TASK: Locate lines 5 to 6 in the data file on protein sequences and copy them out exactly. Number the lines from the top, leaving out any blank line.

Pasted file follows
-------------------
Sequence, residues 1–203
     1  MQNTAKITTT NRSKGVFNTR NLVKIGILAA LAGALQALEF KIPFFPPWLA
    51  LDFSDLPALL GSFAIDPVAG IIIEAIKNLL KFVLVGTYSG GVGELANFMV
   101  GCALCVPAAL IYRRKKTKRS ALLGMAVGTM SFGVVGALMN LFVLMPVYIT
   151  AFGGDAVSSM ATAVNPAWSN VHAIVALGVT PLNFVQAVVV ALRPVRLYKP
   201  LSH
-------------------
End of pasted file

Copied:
   151  AFGGDAVSSM ATAVNPAWSN VHAIVALGVT PLNFVQAVVV ALRPVRLYKP
   201  LSH